In a European Championship brimming with exceptional performances by wing backs—Denzel Dumfries against Ukraine, Denzel Dumfries against Austria, Thomas Meunier against Russia, Thorgan Hazard against Denmark, Leonardo Spinazzola against Turkey, Connor Roberts’s reproductive organs against Turkey—the most remarkable one of all came from Germany’s Robin Gosens against Portugal. It is barely an exaggeration to attribute literally all of Germany’s constant, lethal attacking of Portugal’s defense in the 4–2 blowout win to Gosens, and the only thing equal in magnitude to the amazement of watching the left wing back, with a knife between his teeth, race forward and gash Portugal time after time after time, was the total bafflement that Portugal didn’t even try to stop him.
From the opening whistle until he was subbed off in the 62nd minute, Gosens was the most potent attacking force on a pitch that didn’t lack for heavy-duty firepower. In the fifth minute, he’d kicked the ball into the back of the net with an acrobatic effort that he was unlucky to see ruled out due to an offside elsewhere. In the 35th minute, with Germany down a goal against the run of play, he boomed in a cross that Kai Havertz would’ve almost certainly turned in had Portugal’s Rúben Dias not beat him to it with a touch that led to an equalizing own goal. In the 51st minute, he more or less repeated the play in the preceding sentence, this time finding Havertz with the cross to assist the goal that made it 3–1. In the 60th minute, he headed in the result-clinching 4–1 goal, and, having directly created three of the team’s four goals, was soon taken off, his job done and done well.
It had to be tremendously satisfying for Gosens to have put on that kind of show, in that tournament, against that opposition. The 26-year-old is something of a late bloomer. He couldn’t find an elite German club that believed in his talent as a youth, so he had to go to his father’s native Holland to find his breakthrough. A couple good seasons at mid-table Eredivisie club Heracles convinced Serie A club Atalanta to take a flyer on him, when they brought him in for a transfer fee of about €1 million in 2017. In Italy, Gosens has really come into his own, especially over the past couple seasons. He’s had a sum total of 17 goals and assists in each of the last two league seasons (nine goals and eight assists in 2019–20, 11 and six in 2020–21), and had quietly become one of the very best attacking wing back specialists in the game. Having worked himself into the national team setup in 2020 with his first caps, and now after that star turn against Portugal (in which he was able to exact a juicy bit of personal revenge against Cristiano Ronaldo), no one will doubt or overlook his considerable talents from now on.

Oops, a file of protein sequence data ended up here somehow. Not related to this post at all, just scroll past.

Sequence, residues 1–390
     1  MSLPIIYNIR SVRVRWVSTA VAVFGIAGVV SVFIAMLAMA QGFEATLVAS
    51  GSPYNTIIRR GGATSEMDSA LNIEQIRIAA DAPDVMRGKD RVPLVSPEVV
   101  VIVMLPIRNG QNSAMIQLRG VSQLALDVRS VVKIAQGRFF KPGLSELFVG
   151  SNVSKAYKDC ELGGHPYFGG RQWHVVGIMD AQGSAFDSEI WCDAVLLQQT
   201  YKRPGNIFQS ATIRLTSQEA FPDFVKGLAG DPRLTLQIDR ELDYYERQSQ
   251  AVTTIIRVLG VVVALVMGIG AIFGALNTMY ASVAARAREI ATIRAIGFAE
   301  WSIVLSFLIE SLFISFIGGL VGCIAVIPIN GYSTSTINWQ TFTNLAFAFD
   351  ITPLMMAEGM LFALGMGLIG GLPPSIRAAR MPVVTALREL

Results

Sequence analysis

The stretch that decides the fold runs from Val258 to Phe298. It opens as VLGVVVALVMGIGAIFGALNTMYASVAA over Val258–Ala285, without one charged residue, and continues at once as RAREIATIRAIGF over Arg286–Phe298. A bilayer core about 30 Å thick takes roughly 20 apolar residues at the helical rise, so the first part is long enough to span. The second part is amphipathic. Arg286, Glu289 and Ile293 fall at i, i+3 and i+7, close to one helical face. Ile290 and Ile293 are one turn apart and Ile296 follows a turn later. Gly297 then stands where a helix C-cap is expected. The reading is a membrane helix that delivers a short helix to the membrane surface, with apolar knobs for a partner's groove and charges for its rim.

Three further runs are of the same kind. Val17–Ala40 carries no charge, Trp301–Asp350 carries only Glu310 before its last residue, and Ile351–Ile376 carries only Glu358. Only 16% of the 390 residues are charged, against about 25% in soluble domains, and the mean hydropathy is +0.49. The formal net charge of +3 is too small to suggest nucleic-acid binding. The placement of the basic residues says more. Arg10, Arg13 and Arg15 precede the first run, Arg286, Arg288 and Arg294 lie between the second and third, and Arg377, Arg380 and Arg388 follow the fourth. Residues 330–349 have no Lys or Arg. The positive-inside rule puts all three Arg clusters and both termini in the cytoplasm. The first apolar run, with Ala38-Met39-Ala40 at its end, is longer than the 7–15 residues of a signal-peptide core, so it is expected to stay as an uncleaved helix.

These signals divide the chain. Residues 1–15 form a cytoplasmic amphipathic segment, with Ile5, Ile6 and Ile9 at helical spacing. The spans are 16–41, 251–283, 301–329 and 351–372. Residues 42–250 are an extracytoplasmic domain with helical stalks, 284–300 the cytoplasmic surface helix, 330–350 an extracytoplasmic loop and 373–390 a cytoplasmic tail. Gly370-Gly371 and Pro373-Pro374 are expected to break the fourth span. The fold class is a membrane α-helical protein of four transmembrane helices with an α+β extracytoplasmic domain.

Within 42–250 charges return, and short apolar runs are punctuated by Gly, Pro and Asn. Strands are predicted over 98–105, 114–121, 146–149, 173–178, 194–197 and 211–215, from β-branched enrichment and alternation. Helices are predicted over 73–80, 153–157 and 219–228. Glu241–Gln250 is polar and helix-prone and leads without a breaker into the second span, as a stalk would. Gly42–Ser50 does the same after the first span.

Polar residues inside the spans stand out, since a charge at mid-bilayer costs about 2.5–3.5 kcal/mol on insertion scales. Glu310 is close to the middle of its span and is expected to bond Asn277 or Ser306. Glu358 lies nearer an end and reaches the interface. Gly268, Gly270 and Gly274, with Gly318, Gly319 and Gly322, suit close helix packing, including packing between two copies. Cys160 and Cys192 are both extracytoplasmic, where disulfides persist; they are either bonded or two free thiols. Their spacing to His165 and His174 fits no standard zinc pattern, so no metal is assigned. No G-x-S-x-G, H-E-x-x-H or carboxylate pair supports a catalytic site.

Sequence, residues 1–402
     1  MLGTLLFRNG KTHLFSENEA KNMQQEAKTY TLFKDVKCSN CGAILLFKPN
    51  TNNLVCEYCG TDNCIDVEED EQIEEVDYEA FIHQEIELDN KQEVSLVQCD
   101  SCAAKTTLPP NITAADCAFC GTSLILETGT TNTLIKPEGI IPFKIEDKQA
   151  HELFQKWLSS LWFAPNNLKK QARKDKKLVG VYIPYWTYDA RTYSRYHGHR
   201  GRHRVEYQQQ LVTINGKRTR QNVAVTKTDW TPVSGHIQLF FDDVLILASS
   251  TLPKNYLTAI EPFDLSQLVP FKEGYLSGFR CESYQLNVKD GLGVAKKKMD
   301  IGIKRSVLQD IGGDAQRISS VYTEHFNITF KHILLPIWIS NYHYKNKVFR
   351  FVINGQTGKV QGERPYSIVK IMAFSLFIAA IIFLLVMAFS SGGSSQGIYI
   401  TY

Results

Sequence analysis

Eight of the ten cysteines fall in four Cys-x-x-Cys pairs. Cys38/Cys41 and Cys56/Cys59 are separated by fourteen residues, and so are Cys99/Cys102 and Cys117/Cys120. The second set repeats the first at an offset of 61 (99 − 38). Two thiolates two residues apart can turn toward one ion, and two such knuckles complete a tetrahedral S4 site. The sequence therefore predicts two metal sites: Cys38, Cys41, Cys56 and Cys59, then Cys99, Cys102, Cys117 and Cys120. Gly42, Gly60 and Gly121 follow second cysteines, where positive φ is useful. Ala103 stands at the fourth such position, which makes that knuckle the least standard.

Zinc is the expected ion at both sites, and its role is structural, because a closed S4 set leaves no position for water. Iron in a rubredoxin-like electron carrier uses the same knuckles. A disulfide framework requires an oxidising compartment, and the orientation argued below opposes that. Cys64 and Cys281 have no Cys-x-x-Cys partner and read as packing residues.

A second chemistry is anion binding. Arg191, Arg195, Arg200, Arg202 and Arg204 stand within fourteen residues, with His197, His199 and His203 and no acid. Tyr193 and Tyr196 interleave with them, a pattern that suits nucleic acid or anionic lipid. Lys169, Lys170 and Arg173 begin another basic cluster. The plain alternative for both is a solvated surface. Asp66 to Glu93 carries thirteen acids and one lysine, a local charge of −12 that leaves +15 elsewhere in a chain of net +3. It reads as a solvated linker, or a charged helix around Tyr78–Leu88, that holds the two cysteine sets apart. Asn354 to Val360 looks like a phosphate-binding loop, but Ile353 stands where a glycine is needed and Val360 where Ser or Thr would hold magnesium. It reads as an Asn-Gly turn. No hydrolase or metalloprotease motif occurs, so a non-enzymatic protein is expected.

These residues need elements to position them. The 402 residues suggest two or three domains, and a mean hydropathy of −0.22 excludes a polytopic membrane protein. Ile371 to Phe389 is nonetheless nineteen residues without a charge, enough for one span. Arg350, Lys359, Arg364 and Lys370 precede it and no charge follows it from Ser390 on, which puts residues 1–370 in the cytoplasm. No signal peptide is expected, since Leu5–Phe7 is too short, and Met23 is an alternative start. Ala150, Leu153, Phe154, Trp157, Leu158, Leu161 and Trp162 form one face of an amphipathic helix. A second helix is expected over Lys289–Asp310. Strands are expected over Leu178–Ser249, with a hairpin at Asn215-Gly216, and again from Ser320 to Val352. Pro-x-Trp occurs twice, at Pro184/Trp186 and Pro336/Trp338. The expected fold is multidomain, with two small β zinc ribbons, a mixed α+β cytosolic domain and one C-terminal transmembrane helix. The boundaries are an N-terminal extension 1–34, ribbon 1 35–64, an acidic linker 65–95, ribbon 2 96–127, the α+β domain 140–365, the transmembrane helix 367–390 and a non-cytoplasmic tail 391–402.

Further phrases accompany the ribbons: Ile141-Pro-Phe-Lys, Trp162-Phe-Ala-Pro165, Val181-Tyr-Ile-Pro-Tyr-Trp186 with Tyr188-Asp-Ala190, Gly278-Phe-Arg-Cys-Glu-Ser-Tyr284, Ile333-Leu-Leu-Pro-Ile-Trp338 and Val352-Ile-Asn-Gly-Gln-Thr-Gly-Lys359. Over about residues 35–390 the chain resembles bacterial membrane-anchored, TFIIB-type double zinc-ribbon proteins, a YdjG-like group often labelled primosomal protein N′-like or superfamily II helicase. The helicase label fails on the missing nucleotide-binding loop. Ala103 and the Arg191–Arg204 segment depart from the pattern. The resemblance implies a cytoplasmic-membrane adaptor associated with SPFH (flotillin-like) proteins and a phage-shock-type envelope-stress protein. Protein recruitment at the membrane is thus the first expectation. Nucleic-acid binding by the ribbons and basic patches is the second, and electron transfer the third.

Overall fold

Gosens, then, is clearly a very good player who some of the biggest club teams in the world have tried and failed to stymie. That the wing back played a great game in a system that favors him would not, in a vaccum, be something for Portugal to lose much sleep over. The problem, though, is that the Portuguese didn’t even try to impede the man who was almost by himself slaughtering them.
Watch the video above again, and make note of the incredible similarities on not just Gosens’s goal-creating and -scoring plays but the vast majority of the other ones, too. Nearly all of them start with three or four Germans bunched up on the right Portugal’s right flank, then feature a long switch of play to Gosens, who almost unfailingly finds himself in acres and acres and acres of completely free space near or fully inside the penalty area. Germany spammed that play—gather players on the right to congest the pitch there, then swing the ball over to an open Gosens on the weak side—constantly during the hour-plus the wing back was on the pitch, and it’s like Portugal didn’t even notice! How on Earth can an elite-level team let itself get smashed by the exact same play over and over and over again without changing something?
Right back Nelson Semedo is the easy scapegoat for Portugal, and he was indeed the most obvious victim of Germany’s go-to move. But if you watch the highlights above, Semedo is usually right where he needs to be, assisting the defenders in the box against the Germans’ barrage of central runs, preventing what would’ve been even easier passes into even more dangerous areas had Semedo left the center backs to fend for themselves and marked Gosens more closely. Portugal’s problem was more structural, about how neither the midfielders or the right-sided winger did enough to help prevent the back four from being out-numbered and overrun by Germany’s three attackers and two wing backs. In fact the only time you saw a winger anywhere near Gosens on any of his three goal involvements, it was substitute Rafa Silva’s late and half-hearted attempt to mark Gosens right before the German scored his basically uncontested header. If there’s blame on anyone, it should go first and foremost toward Portugal manager Fernando Santos, who simply did not do his job.
Nevertheless, Gosens’s match-winning performance was a well-deserved testament to his arrival onto the big stage, and whereas Dutch wing back Denzel Dumfries’s tournament showing probably flatters his underlying talents some, Gosens truly is that good. Gosens has had few believers for most of his career, so it’s great to see him display his talents so irrefutably as to make converts of us all. It’s just strange that Santos was seemingly the last to believe that Gosens was capable of doing all of that, even while it was happening, again and again, right before his own eyes.